Perez’s gap to his team-mate was still the same he had over Leclerc at the start of lap 10, but over the next stage of the race Verstappen gradually ate into that advantage.
On lap 13, with Perez’s lead down to 2.4 seconds, he came into the pits – just after Verstappen and his engineer Gianpiero Lambiase had another team radio spat, this time apparently about the times the Red Bull drivers were being asked to do, with the defending champion concerned both cars would do the same.
On that same lap, Perez pitted, his stop nearly a second longer with a lot of sparks coming off his left-rear wheel and with Leclerc coming by as he pitted from third at the same time, as they switched the softs they had started on for mediums.
Verstappen was brought in at the end of the following tour having been asked if he could make it staying out on his softs until predicted rain arrived around half-distance, which he dismissed.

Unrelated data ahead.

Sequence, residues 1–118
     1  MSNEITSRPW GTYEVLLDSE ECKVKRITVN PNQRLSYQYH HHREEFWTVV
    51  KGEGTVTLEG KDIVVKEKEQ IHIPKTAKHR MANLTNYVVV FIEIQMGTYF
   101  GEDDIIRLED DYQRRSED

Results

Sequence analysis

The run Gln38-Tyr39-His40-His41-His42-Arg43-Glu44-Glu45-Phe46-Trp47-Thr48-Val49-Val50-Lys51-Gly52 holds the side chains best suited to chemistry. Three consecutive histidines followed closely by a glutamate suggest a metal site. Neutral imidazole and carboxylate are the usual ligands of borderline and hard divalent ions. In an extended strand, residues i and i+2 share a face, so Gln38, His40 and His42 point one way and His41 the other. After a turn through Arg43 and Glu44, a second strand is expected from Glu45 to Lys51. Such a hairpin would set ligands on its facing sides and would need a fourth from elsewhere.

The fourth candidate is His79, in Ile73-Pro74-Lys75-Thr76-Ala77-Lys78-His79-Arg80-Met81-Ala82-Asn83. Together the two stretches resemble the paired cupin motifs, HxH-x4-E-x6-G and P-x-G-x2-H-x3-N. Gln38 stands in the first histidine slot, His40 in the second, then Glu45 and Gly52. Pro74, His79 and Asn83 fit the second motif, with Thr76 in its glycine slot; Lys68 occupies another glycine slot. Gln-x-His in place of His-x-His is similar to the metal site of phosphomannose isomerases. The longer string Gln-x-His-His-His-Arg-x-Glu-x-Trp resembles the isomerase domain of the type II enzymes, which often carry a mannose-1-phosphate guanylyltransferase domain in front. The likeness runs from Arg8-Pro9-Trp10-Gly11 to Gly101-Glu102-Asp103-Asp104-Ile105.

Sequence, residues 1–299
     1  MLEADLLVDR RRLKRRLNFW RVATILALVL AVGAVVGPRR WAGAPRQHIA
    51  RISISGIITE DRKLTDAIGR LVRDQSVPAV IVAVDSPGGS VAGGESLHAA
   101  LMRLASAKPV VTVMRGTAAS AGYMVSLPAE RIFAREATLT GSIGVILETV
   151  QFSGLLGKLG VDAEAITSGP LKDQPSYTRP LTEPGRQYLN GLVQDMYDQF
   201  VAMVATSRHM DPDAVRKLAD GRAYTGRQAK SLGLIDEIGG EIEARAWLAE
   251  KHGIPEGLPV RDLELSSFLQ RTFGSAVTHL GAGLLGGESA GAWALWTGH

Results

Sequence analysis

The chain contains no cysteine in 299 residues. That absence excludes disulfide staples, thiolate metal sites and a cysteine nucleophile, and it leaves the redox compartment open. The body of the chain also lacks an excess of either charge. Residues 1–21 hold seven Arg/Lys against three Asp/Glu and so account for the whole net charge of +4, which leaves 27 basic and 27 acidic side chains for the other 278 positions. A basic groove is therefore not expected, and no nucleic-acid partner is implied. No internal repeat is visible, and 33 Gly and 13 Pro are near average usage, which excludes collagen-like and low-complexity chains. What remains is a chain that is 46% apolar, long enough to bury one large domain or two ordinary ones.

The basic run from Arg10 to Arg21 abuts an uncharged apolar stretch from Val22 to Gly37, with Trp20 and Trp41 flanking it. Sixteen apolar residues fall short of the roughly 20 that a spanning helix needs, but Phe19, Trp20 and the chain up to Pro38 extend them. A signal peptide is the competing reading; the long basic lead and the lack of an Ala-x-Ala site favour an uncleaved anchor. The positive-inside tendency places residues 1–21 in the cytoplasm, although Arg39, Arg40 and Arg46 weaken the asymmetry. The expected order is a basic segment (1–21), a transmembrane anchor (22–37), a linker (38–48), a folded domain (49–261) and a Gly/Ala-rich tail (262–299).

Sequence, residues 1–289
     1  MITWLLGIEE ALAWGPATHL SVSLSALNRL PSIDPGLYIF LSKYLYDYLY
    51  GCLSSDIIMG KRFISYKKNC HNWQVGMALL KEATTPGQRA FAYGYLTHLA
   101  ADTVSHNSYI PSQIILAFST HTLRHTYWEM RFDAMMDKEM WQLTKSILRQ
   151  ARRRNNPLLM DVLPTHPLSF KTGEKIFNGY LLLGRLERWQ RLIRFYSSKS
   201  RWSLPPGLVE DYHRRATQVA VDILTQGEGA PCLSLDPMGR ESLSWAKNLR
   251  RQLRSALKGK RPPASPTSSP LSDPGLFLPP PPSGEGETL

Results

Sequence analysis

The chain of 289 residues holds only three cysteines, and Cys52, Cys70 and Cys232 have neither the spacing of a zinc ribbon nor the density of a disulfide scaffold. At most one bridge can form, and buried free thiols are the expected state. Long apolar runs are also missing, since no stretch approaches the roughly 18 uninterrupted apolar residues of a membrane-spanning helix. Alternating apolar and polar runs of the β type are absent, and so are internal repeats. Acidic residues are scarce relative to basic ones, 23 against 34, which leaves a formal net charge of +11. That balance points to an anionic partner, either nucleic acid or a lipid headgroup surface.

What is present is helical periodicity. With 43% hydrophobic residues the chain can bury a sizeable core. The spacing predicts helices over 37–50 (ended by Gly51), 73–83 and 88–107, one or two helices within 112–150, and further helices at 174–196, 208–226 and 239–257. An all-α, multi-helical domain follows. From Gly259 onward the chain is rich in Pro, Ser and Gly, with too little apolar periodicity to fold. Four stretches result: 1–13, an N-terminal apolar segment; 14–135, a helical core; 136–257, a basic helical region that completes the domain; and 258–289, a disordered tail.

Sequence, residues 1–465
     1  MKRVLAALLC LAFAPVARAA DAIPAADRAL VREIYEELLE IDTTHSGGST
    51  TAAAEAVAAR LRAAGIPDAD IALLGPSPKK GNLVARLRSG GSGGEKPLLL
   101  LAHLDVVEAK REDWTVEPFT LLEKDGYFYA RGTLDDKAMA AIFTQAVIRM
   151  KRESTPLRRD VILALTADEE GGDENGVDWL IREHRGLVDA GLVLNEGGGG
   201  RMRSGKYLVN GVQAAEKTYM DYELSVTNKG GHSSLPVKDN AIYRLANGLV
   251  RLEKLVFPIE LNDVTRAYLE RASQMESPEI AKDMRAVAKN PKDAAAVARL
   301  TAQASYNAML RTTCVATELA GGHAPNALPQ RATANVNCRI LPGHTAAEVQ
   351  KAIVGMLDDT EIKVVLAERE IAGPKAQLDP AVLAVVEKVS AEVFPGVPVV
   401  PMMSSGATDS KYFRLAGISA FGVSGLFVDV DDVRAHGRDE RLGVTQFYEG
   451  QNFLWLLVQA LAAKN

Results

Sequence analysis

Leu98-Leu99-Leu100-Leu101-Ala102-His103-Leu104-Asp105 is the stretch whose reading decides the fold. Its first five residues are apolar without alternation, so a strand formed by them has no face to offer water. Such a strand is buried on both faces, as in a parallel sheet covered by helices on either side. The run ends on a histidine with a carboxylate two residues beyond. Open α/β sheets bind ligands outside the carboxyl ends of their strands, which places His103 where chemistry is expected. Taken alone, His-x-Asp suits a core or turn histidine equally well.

The second Red Bull stop was a second quicker than the first and that all added up to Perez’s lead being down to 1.5 seconds on Verstappen’s out-lap and that was down to 1.1 seconds on lap later, with the chaser soon getting DRS on the Kemmel straight for the first time.
Inevitably, the next time by at the same spot, Verstappen powered into the lead with an outside line DRS-run heading on the straight – easily went ahead of Perez, who tucked in behind his teammate.
Verstappen stayed on it to snap Perez’s DRS threat on the same lap, then shot to a near four-second lead by the time the rain arrived on lap 20.
It stayed light initially, but times went up by nearly three seconds for the leaders and Verstappen nearly dropped his car running through Eau Rouge one lap later.